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Chinua Achebe
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    (November 16, 1930-March 21, 2013)
    Born in Ogidi, Nigeria
    Birth name was Albert Chinualumogu Achebe
    Novelist and poet
    Wrote the novels 'Things Fall Apart' (1958), 'No Longer At Ease' (1960), 'Arrow of God' (1964), 'A Man of the People' (1966) and 'Anthills of the Savannah' (1987)
    Poetry collections include 'Beware, Soul Brother and Other Poems' (1971) and 'Another Africa' (1998)
    Wrote the children's books 'Chike and the River' (1966), 'How the Leopard Got His Claws' (1972), 'The Flute' (1975) and 'The Drum' (1975)
    Served as unofficial spokesperson for Biafra when it attempted to secede from Nigeria (1967-70)
    He lost a college scholarship when he switched studies from medicine to English and theology.
    He controversially called Joseph Conrad a 'bloody racist.'
    He blamed the 20 year gap between his fourth and fifth novels on the after effects of the Biafra war: 'A novel seemed like a frivolous thing to be doing.'
    His explanation for why he never won the Nobel Prize in Literature: 'It is a European prize. It's not an African prize.'
    He decided to become a writer after noticing that in all the books he read, Africa was described through white people's eyes.
    He said, 'There is a great proverb that until the lions have their own historians, the history of the hunt will always glorify the hunter.... Once I realized that, I had to be a writer.'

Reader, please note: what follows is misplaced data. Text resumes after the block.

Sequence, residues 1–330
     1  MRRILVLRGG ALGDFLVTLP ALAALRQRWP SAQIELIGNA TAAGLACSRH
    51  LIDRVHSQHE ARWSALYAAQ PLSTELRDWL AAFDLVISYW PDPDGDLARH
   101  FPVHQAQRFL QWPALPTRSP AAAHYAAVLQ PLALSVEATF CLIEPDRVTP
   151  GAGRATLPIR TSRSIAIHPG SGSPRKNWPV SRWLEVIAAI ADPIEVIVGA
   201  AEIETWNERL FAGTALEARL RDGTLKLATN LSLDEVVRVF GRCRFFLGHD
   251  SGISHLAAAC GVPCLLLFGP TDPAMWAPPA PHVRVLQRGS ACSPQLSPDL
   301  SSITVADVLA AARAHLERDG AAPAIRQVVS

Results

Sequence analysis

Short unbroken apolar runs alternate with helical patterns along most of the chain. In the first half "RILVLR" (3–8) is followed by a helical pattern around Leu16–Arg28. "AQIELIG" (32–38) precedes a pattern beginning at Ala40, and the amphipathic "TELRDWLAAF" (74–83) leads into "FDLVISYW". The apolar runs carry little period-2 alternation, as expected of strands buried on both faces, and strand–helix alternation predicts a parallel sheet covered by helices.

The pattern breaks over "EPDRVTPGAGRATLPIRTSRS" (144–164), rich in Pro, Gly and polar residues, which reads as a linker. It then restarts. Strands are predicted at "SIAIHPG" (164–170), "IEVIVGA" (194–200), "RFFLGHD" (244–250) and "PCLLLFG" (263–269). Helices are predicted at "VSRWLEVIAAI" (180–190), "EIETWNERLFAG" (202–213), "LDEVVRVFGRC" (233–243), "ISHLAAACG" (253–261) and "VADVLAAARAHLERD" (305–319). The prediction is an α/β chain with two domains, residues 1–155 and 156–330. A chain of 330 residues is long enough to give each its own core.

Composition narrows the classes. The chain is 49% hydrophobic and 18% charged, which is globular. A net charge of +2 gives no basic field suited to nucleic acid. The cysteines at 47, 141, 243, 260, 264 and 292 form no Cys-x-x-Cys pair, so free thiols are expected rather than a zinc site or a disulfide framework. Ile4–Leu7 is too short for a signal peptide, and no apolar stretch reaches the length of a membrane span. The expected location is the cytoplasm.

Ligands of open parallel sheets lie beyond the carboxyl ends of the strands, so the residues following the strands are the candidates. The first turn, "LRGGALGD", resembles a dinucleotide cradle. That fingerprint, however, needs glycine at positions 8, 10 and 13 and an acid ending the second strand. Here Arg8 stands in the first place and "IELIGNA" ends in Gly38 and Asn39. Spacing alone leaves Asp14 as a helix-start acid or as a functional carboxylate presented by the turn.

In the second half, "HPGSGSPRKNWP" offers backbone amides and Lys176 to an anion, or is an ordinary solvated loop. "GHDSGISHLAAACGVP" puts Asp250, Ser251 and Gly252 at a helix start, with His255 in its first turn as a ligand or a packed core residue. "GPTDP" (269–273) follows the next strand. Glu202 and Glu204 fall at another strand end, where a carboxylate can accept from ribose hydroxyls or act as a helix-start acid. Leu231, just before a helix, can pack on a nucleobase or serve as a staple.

His description of a coup in 'A Man of the People' was so similar to a real coup that occurred later in the year that the military attempted to arrest him, thinking that he must have had been involved in planning it.
    While he and his family fled to Britain and safety, his wife suffered a miscarriage.
    He was paralyzed below the waist in a car crash (1990).
    He twice refused Nigeria's top honor to protest government corruption (2004,2011).
    One scholar said about his impact, 'It would be impossible to say how 'Things Fall Apart' influenced African writing. It would be like asking how Shakespeare influenced English writers.'

Credit: C. Fishel

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